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Dan Carreno (current Exec. Dir. NAWCWD), RDML Keith Hash and Joan Johnson (former Exec. Dir NAWCWD). /Laura Austin Photo

Naval Air Warfare Center hiring and retention challenges

By SCOTT O’NEIL IWV Economic Dev. Corp.– The first article in this series provided an overview of national and state trends that have fueled challenges in recruitment and retention.  The second addressed the peculiarities in healthcare.  Today’s article discusses the hurdles facing local government employment, particularly the Naval Air Warfare Center Weapons Division (NAWCWD) at China Lake.  While NAWCWD is generally meeting their hiring targets there are some unintended consequences.  Their biggest challenge is in retention. Both will be addressed in this article.  

Scott O’Neil

The National Science Foundation reports the number of science and engineering (S&E) degrees conferred by US colleges continue to increase annually at all levels, e.g., between 2010 and 2019 a 77.5% increase was observed.  [Here S&E includes: engineering, computer science, physical sciences, mathematics and statistics.]  Nationwide, the percentage of graduating S&E who prefer government employment, particularly in the Department of Defense and who can get a security clearance, is roughly 3%.  This small percentage is further strained by the Navy’s need to hire in all demographic groups (age, gender, ethnic background, etc.) and by NAWCWD being located in a remote part of a liberal state with high tax rates.  NAWCWD has to compete with other DoD employers in this environment for its share of the S&E new professional talent pool, a difficult endeavor at best.  

Generally, NAWCWD’s annual hiring is targeted to replace attrition.  New graduates continue to represent a strong majority of these hirings.  In 2022 NAWCWD hired about 130 new S&Es at the China Lake site.  Their 2023 goals are about 200.  Again, most of these are S&Es, but they are also hiring administrators, technicians, specialists, and business and clerical workers.   Most of the new hires, particularly the S&Es, are also new to our community.  Even with the constricted candidate pool for new professionals, NAWCWD has generally met its hiring targets.  Their minority representation has improved across the board and women are better represented in their technical community.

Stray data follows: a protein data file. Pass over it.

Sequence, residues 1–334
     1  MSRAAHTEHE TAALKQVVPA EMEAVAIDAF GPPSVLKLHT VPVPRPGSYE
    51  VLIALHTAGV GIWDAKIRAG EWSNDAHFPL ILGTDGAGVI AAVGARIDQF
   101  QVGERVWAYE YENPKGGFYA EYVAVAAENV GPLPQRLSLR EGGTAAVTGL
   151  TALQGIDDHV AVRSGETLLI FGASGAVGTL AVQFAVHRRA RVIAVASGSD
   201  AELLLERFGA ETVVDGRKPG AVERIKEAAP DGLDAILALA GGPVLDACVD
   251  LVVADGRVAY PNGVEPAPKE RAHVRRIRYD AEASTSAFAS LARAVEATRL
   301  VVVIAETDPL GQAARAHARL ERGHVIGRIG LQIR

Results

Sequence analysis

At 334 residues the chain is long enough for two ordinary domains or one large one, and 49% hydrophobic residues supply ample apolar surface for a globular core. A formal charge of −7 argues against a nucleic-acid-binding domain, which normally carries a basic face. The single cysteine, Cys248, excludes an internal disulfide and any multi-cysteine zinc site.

Many of NAWCWD’s mid-career S&E hires are from local defense contractors.  These contractors in turn either hire retired Navy S&Es, relocate employees, or they must find, attract, hire and import new talent.  Similarly, many of NAWCWD’s non-S&Es hires are locals that are drawn from our other employers.  In both cases, these people see government employment as an attractive option.  Unfortunately, this dynamic significantly affects the attrition experienced by these other employers who are continuously scrambling to recruit and hire replacements.   This is particularly a challenge for non-S&Es because hiring here is typically at the entry level where people are inexperienced, and just beginning their careers.  In this case, local businesses end up with the bulk of the recruiting, hiring and training burdens.  

On the attrition side, a number of factors have caused NAWCWD’s attrition to rise.  This has been anticipated for a while, but the pandemic really exacerbated the situation.  Fifteen years ago the average age of a NAWCWD employee was in the high 40s and roughly 60% were retirement eligible.  The average age today is in the low forties.  A few years ago, when NAWCWD went under the Los Angeles cost-of-living pay scale, many people delayed their retirement to build their annuity.  These folks are now beginning to retire.  COVID and the mandate for vaccines are other reasons some have chosen to leave.  Attrition has increased across the nation; NAWCWD has experienced the same trend.  In the last quarter, this appears to be correcting; but it still means NAWCWD will need to hire about 350-400 people at China Lake site each year for the foreseeable future just to replace attrition. 

Beyond these three, there are some other key factors identified in exit interviews with people choosing to leave.  These include high demand for S&Es in the national labor market.  Some are getting 25-30% salary increases for changing jobs.  NAWCWD has done a cost-of-living analysis that shows staying put is the best economic choice when the cost of housing, retirement, commute costs, health insurance, etc. are all considered.  So far this rationale has not stemmed the outflow.  Other factors that were cited include “going back home to be closer to family,” remote location, lack of daycare, healthcare (doctors unwilling to take new patients), and available housing.  

As we piece together the local hiring and retention picture it appears there are some emerging common factors that are contributing to a person’s decision to leave Ridgecrest for seemingly greener pastures.  While on the surface this may not be surprising, what may be is a majority of these factors lie outside an employer’s sphere of influence.  It will be interesting to see if this continues to hold when we look at other employers’ experiences in future articles.  The final article will address these common factors and explore some ways we can help mitigate them as a community.